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To ber whose virtues bless'd a husband's life,
As friend, as sister, daughter, mother, wife.
Insidious Palsy near his victim drew;
And round her limbs his numbing fetters threw.
To check the rising sigh, the tear repress;
And Heaven's correcting hand in silence bless.
The awful call at length the Almighty gave ;
Bow'd her meek head, and sunk into the grave.
ANTICIPATION OF HEAVEN.
BY THE REV. H. H. MILMAN.
A STARLIGHT MEDITATION.
BY JOIN BOWRING, ESQ.
Printed by Mills, Jowett, and Mills, Bolt-Court, Fleet-Street.
GNADENTHAL, A HOTTENTOT VILLAGE.
(With an Engraving.) GNADENTHAL lies about one hundred and twenty English miles from Capetown, in a direction nearly due east. It is the principal Missionary settlement of the United Brethren in South Africa.
The Mission among the Hottentots was begun in 1737, by George Schmidt, a man of remarkable zeal and courage, who settled at this place, then known by the name of Bavians-Kloof. The Hottentots heard the Gospel with attention, and he soon collected a small Christian congregation. He taught the youth to read Dutch, and instructed the people in several useful arts. In 1744, leaving them to the care of a pious man, he went to Europe, with a view to represent the promising state of the Mission, and to return with assistants. But, to his inexpressible grief and disappointment, he was not permitted by the Dutch East India Company to resume his labours; some ignorant people having insinuated, that the propagation of Christianity among the Hottentots would injure the interests of the colony. From that time, to the year 1792, the Brethren did not cease to make application to the Dutch Government for leave to send Missionaries to the Cape; especially as they heard that the small Hottentot congregation had kept together for some time, in eager expectation of the return of their beloved teacher. M. Schmidt had left a Dutch New VOL. XIV.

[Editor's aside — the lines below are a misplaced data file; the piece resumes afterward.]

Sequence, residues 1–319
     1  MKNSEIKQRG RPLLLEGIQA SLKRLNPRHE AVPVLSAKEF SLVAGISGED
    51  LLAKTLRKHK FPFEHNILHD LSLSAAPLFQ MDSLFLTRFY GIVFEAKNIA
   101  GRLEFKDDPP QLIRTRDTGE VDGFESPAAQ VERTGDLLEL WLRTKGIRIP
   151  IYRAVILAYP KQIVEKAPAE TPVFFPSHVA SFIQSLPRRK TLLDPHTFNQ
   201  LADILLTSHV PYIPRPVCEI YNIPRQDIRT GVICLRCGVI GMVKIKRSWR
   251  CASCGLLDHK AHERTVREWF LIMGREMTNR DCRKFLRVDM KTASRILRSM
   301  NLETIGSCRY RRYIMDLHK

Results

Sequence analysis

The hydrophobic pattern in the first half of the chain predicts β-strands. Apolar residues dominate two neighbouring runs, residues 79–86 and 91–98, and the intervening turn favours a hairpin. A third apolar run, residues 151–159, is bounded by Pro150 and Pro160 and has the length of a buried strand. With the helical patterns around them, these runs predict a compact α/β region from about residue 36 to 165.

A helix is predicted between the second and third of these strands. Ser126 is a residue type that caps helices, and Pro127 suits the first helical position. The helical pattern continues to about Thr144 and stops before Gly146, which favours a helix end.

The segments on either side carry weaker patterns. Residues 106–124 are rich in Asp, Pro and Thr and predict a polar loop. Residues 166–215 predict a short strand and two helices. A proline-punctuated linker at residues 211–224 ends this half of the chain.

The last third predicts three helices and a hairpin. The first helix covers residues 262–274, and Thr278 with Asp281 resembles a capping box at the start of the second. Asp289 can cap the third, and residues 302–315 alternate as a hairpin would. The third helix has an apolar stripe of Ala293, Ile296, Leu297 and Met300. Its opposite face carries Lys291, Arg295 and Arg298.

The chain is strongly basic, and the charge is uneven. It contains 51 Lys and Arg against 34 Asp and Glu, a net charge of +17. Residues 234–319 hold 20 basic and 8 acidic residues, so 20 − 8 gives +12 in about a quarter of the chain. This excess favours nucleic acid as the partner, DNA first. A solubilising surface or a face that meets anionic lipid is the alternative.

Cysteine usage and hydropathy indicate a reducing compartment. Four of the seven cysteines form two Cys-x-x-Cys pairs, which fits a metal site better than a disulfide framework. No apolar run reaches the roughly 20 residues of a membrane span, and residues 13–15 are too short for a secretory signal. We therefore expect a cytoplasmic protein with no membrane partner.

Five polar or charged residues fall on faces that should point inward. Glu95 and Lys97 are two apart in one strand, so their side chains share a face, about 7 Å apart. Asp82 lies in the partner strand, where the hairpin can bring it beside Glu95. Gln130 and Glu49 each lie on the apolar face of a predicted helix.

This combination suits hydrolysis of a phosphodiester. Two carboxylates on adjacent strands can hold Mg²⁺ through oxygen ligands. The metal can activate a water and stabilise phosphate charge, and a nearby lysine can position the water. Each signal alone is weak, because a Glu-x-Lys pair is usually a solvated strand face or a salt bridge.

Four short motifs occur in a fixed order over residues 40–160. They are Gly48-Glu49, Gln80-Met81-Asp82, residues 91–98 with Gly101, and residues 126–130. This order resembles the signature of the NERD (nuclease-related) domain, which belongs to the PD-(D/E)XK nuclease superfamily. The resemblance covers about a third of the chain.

Testament with them, which they read together for their edification.
At length, in 1792, by the mercy of God, and the kind, interference of friends in the Dutch Government, leave was given to send out three Missionaries; who, on their arrival, were willing, at the desire of the Governor, to go first to Bavians-Kloof, and there to commence their labours, on the same spot where M. Schmidt had resided. Instructions from the Government of Holland directed them to choose the place of their residence, wherever they might find it most convenient; but the circumstances of the colony at that time would not admit of it.
The English having made themselves masters of the colony in 1796, the Brethren were permitted to build a church ; and by the favour which the British Government has uniformly shown to the Brethren's Missions, they now remain undisturbed and protected in their civil and 'religious liberty.
In 1792, when the three Missionaries, Henry Marsveld, Daniel Schwinn, and John Christian Kuehnel, came hither, they found an old woman, Helena, baptized by M. Schmidt, still alive; who delivered to them the Testament he had given her. But few vestiges of his dwelling remained. The place was a perfect wilderness. At present thirteen hundred Hottentots inhabit the village. The name Gnadenthal was given to it by the Dutch Governor Jansen.
In the year 1816, this interesting place was visited by the Rev. Ć. J. Latrobe; who gives the following delightful account of it. We spent the first afternoon after our arrival in walking through part of the settlement. Out of every house and hut, men, women, and children, came forth with friendly faces to meet us, and to testify their joy at our arrival. Having observed to some of the inhabitants who live near the church, that the place before their houses was not kept in good order, and Brother Bonatz adding, that I was De Heer, of whom he had told them, that he would come from Europe to see them, and expected to find cleanliness and order established through the whole village, they fell to work, and in half an hour removed all the rubbish and ashes lying about their houses ; promising that I should never see such dis